Friday, 3 August 2018

The Illness Is Bad Enough. The Hospital May

The Illness Is Bad Enough
The Illness Is Bad Enough. The Hospital could also be Even Worse.

Bernadine Lewandowski left, makes pasta sauce together with her daughter, Dona Jones. Ms. Lewandowski lived independently until recent hospitalizations.

When she moved from Michigan to be near her daughter in Cary, N.C., Bernadine Lewandowski insisted on renting an apartment five minutes away.

Her daughter, Dona Jones, would have welcomed her mother into her house, but “she’s always been very independent,” Ms. Jones said.

Like most of the people in their 80s, Ms. Lewandowski contended with several chronic illnesses and took medication for osteoporosis, coronary failure, and pulmonary disease.

Increasingly forgetful, she had been diagnosed with mild cognitive impairment.

She used a cane for support as she walked around her apartment complex.

Still, “she was trucking along just fine,” said her geriatrician, Dr. Maureen Dale.

“Minor health issues here and there, but she was taking excellent care of herself.”

But last September, Ms. Lewandowski entered a hospital after a fracture of her vertebra caused pain too intense to be managed reception.

Over four days, she used nasal oxygen to assist her to breathe and received intravenous morphine for pain relief, later graduating to oxycodone tablets.

Even after her discharge, the strain and disruptions of hospitalization — interrupted sleep, weight loss, mild delirium, deconditioning caused by days in bed — left her disoriented and weakened, a vulnerable state some researchers call “post-hospital syndrome.”

They believe it underlies the stubbornly high rate of hospital readmissions among older patients.

In 2016, about 18 percent of discharged Medicare beneficiaries returned to the hospital within 30 days, consistent with the federal Centers for Medicare and Medicaid Services.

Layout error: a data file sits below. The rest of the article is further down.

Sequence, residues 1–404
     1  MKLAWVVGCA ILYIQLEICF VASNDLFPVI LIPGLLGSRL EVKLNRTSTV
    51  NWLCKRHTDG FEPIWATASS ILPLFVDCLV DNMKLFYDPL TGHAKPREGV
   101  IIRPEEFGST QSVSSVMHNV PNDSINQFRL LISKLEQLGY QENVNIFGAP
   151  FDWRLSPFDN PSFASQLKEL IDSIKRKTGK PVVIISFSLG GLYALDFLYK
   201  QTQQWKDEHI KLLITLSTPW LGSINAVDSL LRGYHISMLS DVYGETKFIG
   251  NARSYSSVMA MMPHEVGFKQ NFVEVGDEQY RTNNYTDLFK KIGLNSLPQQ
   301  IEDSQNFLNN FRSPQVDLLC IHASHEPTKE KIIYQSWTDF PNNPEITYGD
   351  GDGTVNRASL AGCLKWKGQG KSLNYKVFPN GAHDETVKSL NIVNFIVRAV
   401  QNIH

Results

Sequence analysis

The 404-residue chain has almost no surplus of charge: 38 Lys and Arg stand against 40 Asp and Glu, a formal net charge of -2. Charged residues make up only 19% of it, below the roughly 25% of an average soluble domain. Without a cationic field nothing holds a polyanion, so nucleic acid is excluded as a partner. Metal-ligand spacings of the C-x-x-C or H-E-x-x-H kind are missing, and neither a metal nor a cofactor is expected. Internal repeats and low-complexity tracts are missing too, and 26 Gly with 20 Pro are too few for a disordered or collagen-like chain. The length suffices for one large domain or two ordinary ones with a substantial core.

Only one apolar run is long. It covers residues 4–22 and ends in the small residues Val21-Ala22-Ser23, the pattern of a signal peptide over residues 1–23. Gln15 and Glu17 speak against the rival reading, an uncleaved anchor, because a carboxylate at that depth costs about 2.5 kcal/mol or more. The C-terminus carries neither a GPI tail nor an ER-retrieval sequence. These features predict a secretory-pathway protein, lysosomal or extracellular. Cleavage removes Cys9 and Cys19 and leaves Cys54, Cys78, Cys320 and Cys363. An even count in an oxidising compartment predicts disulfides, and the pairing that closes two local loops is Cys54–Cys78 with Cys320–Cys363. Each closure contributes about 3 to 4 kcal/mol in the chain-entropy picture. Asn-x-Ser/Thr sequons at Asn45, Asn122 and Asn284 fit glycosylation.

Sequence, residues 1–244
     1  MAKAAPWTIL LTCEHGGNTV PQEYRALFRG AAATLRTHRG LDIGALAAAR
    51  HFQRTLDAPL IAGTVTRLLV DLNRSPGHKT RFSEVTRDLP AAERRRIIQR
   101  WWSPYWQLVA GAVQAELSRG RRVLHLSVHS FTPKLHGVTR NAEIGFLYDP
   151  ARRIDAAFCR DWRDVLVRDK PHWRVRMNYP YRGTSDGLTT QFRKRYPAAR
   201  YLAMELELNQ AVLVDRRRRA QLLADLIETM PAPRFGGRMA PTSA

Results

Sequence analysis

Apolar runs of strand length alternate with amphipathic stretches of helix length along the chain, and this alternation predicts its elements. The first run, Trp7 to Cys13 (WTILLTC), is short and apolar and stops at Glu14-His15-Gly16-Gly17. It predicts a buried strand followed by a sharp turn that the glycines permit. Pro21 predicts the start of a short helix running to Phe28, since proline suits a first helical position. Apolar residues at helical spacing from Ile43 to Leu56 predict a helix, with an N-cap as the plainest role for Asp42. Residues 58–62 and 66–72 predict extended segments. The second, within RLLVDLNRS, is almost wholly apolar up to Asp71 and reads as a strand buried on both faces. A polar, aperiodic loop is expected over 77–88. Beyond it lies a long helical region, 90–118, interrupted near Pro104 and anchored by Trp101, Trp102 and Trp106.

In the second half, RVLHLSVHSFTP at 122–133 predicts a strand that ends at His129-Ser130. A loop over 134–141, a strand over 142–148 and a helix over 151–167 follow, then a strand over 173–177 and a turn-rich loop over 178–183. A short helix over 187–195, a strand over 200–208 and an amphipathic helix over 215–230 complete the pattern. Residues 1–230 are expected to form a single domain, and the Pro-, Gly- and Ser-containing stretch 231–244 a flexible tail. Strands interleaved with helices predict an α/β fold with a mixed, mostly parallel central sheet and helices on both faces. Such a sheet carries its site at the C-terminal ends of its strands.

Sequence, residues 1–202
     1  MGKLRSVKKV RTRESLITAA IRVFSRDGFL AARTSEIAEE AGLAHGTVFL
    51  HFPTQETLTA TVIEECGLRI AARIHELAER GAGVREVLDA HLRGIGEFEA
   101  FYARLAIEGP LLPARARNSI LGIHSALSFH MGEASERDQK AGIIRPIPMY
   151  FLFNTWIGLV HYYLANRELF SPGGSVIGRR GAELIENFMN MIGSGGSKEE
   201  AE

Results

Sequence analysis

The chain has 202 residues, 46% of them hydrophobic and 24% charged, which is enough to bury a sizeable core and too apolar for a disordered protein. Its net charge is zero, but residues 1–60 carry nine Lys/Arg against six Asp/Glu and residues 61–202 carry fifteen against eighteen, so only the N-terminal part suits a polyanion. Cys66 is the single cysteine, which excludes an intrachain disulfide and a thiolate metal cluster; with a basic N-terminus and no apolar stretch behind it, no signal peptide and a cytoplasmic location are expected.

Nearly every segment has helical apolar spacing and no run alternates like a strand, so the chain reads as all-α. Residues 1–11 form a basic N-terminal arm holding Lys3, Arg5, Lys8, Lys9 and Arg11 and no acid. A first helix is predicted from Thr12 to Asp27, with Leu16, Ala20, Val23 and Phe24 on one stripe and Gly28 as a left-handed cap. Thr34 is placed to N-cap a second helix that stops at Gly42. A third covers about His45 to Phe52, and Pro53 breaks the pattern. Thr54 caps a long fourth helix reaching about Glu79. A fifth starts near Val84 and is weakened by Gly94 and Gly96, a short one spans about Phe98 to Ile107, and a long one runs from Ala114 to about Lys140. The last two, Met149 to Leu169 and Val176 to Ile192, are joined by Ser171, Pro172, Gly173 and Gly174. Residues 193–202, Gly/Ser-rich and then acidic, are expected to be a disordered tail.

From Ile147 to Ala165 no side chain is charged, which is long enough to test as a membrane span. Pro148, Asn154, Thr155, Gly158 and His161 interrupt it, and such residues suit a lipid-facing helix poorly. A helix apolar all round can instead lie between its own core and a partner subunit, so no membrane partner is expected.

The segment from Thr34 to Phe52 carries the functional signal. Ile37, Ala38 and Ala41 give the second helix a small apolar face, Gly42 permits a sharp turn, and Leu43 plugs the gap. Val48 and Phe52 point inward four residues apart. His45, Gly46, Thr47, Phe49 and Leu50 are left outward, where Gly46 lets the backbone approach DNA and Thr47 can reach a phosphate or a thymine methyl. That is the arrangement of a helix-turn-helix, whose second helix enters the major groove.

Ms. Lewandowski, for instance, was back within three weeks. She had developed an embolism, a grume in her lungs, probably resulting from inactivity.

The clot exacerbated her coronary failure, causing fluid buildup in her lungs and increased swelling in her legs. She also suffered another fracture.

“These hospitalizations can cause big life changes,” Dr. Dale said. Having grown too frail to measure alone, Ms. Lewandowski, now 84, moved in together with her daughter.

Dr. Harlan Krumholz, a cardiologist at Yale University, coined the phrase “post-hospital syndrome” during a New England Journal of drugs article in 2013.

As Medicare began penalizing hospitals for 30-day readmissions under the Affordable Care Act, he checked out the national data and noticed that the majority of readmissions involved conditions seemingly unrelated to the initial diagnoses.

Patients came in with coronary failure or pneumonia, were treated and discharged, then returned with internal bleeding or injuries from a fall.

“Our general approach during a hospital is, all hands-on deck to affect the matter people are available with,” Dr. Krumholz said.

“All the opposite discomforts are seen as a minor inconvenience.”

He has argued instead that discharge marks the beginning of a 60- to 90-day period of increased vulnerability to a variety of other health problems, stemming from the strain of hospitalization itself.